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Many researchers have taken the Colavita effect to represent a paradigm case of visual dominance. Broadly defined, the effect occurs when people fail to respond to an auditory target if they also have to respond to a visual target presented at the same time. Previous studies have revealed the remarkable resilience of this effect to various manipulations. In fact, a reversal of the Colavita visual dominance effect (i.e., auditory dominance) has never been reported. Here, we present a series of experiments designed to investigate whether it is possible to reverse the Colavita effect when the target stimuli consist of repetitions embedded in simultaneously presented auditory and visual streams of stimuli. In line with previous findings, the Colavita effect was still observed for an immediate repetition task, but when an n-1 repetition detection task was used, a reversal of visual dominance was demonstrated. These results suggest that masking from intervening stimuli between n-1 repetition targets was responsible for the elimination and reversal of the Colavita visual dominance effect. They further suggest that varying the presence of a mask (pattern, conceptual, or absent) in the repetition detection task gives rise to different patterns of sensory dominance (i.e., visual dominance, an elimination of the Colavita effect, or even auditory dominance).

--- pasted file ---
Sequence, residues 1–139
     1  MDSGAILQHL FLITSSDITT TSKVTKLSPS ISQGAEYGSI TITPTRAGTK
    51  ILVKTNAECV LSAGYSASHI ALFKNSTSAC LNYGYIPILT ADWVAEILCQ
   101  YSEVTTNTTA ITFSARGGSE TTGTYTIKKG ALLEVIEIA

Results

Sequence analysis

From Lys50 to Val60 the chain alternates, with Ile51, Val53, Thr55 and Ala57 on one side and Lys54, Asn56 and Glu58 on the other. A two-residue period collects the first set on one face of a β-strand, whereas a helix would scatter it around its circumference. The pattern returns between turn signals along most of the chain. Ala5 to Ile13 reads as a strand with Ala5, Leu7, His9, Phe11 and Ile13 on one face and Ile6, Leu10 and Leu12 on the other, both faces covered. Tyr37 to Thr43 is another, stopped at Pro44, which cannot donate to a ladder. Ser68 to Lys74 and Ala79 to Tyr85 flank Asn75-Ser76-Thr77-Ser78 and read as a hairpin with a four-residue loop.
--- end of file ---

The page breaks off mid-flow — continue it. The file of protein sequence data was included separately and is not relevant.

Original publication

DOI

10.1007/s00221-011-2859-9

Type

Journal article

Journal

Exp Brain Res

Publication Date

10/2011

Volume

214

Pages

607 - 618

Keywords

Acoustic Stimulation, Adolescent, Adult, Auditory Perception, Dominance, Cerebral, Female, Humans, Male, Middle Aged, Photic Stimulation, Vision, Ocular, Visual Perception, Young Adult